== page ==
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Where do you Look?

Where do you look for glasses?
On a shelf? or on your face?

Sam Sorts (a hundred favorite things)

Sam's things are in a heap. Time to tidy up.
How do you decide which pile to put that zebra in?
Is it striped? Is it an animal? Is it black and white?

Viminy Crowe's Comic Book

Part graphic novel and all wild adventure! Addy and Wylder fall into the pages of Uncle Viminy's comic book... and soon mess up the plot in a BIG way.

A Big Dose of Lucky

Malou is forced to consider who her birth family might be when the orphanage she was raised in burns to the ground. Growing up as the only brown face in a white Home has not prepared her for meeting other brown-skinned teenagers in the daunting and, until now, inconceivable real world...

Sneaky Art

Funny and surprising craft projects

Time is When

Originally written by Beth Gleick in 1960. Now re-printed with collage illustrations
by Marthe Jocelyn

First Times

My story is called The New World.
There are 13 other stories
by great North American writers.

Ready for Summer, Autumn, Winter, Spring

Four new board books dress up the seasons!
Collage illustrations bring texture and pattern to life...

Annie's mother can speak to the dead.
But she can't really talk to Annie...

"Along with the humour, the quips and quirks
of the medium's patter, Jocelyn offers her
readers real substance – a valiant, enterprising
hero of a girl whose struggles for independence
from her grasping, manipulative mother are
painful and familiar." (Toronto Star)


A Trilingual Alphabet



An anthology of tales about secrets, waiting to be told...

A Home for Foundlings

During the 1800’s, children were particularly vulnerable in the world at large. In much of Europe, the mortality rate among children of the poor was as high as 90%, and there were few social nets for those without parents. The establishment of the extraordinary Foundling Hospital by Thomas Coram, was, in its way, a revolution.

The Palazzo Funeral Parlor

Story in the collection On Her Way
Sisters move into the apartment above a funeral parlour. When their piano teacher dies, their curiosity takes over. . .
winner of the TD Canadian Childrens Literature Award for Most Distinguished Book of the Year!

Mable Riley:A Reliable Record ofHumdrum, Peril & Romance

This story of a fledgling writer and awakening activist in 1901 was inspired by diaries I found in the attic of my grandmother's house..

A Day With Nellie

The reaction to my art that I like best is when a child tries to pick something up from the page.
In A Day With Nellie, this could happen over and over, as each part of the toddler's day is illustrated in bright and humorous collage.

Hannah and the Seven Dresses

Hannah twirls, jumps, plays, and of course, gets dressed, with her red sneakers the one aspect of her fashion statement that never changes. Seven days, seven colours, seven dresses. What will Hannah wear today?

Hannah's Collections

This book is packed with things that teachers love, like primary math concepts and problem-solving. But it also has beautiful pictures that were REALLY hard to make! For instance, look closely at those popsicle sticks. Only on one page are they real - all the others are hand-carved to fit the scale of the picture. Look again!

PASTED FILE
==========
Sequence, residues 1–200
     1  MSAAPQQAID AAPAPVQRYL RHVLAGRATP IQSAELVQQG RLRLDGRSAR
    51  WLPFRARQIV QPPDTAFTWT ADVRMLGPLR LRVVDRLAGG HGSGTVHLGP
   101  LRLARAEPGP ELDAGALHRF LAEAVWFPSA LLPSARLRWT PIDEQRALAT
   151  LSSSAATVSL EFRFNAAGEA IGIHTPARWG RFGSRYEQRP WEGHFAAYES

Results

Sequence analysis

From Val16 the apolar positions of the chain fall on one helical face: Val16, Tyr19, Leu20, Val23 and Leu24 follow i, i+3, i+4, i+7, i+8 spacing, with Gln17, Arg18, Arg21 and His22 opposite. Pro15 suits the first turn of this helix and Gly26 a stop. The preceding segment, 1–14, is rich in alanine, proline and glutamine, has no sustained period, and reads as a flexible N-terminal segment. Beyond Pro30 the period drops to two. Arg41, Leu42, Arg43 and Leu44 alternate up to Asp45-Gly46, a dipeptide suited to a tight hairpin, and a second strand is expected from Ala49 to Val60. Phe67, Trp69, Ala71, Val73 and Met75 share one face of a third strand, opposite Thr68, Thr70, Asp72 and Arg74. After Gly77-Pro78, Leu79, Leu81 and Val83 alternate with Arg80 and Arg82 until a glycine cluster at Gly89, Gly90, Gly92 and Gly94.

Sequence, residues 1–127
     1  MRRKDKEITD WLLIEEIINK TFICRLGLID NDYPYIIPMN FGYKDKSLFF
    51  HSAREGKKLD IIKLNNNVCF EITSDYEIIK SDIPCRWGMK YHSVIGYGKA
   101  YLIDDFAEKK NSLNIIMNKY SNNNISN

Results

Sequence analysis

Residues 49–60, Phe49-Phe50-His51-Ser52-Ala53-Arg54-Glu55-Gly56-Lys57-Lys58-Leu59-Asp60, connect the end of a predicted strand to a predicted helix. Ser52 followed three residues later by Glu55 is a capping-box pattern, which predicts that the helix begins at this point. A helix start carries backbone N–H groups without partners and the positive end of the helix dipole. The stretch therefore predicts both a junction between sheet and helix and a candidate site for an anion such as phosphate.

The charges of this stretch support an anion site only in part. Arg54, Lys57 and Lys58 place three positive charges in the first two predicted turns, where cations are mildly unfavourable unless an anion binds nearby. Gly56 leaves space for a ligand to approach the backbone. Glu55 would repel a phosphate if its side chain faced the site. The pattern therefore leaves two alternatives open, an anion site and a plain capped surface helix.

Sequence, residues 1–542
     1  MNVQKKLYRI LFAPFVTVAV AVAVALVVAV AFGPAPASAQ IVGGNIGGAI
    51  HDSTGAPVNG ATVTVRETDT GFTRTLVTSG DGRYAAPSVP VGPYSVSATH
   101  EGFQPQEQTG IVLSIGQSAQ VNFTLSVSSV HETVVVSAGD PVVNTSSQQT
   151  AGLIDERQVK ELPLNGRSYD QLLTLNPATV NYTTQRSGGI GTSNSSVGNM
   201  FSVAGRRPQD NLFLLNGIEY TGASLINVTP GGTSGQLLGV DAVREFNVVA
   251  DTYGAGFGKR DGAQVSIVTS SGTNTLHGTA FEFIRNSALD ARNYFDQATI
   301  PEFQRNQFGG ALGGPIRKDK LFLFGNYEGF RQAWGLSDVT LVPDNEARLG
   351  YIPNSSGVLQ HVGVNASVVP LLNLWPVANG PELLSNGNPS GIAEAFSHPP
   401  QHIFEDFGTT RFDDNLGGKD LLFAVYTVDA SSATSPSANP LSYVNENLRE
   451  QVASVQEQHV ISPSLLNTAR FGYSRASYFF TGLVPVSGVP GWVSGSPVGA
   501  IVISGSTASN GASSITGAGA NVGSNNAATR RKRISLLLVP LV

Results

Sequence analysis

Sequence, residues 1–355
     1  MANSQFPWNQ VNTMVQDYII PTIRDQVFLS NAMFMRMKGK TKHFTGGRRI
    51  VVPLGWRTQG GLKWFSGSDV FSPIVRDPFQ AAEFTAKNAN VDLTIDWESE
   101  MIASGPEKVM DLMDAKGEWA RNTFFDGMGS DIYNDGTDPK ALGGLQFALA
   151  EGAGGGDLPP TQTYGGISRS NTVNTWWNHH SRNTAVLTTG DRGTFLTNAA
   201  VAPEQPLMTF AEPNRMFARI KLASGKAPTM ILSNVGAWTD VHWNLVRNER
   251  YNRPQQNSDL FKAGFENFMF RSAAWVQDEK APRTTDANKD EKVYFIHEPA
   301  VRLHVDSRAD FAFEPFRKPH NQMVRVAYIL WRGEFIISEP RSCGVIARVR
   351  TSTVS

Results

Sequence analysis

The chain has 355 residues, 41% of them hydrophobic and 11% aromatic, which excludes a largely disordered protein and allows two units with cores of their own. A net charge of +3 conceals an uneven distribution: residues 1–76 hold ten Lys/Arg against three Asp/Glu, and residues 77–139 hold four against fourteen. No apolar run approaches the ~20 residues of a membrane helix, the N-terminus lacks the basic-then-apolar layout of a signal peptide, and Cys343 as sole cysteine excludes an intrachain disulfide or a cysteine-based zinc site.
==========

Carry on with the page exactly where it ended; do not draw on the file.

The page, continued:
Earthly Astonishments

I first imagined the heroine, Josephine, to be a tiny, magical creature, but soon realized that by making her a real child, readers would be more able to identify with her. Then I placed her in a time when New York City was teeming with construction and con-artists, crowded with lost souls struggling to be found...
I wanted to write a 'dime novel', a page-turner full of adventure.
I like the review (Riverbank Review) that says: "In true Dickensian fashion, Jocelyn makes Josephine comfortable in (her) new life, then resuscitates sundry villains to complicate the melodrama... Jocelyn's novel performs a delicate balancing act, maintaining a moral grounding in spite of a sensationalistic plot."

The Invisible books

The Invisible Day was my very first book.
When my older daughter was nine years old, she began to yearn for more mobility in the big city. Just as Billie Stoner's mother does in the book, I was still walking my daughter to school and anywhere else she needed to go. Kids that age in New York don't get to be alone very often.
"You'd have to be invisible before I'd let you walk around by yourself," I told her.
And there was the IDEA for a story.

The Invisible Harry

"Fans of The Invisible Day will love being reunited with Marthe Jocelyn's unforgettable case of zany characters and Abby Carter's quirky illustrations."

My daughter, Nell, has always longed for a puppy, or even a pet of a less demanding nature. But a small apartment in New York City is really not a good home for a dog. The Invisible Harry was written to prove that, though of course I had to give it a happy ending!

The Invisible Enemy

What do you do when your sworn enemy becomes invisible and only you know how to fix her?
Do you leave her invisible?
Or do you help her, only to have her wreak havoc on you again? And if you do come to your enemy's aid, does that make her your friend?
I wanted to write a story about kids who have to figure out how to get along, how to rely on each other, even if they're not really friends. And having a little messy magic always helps stir up trouble.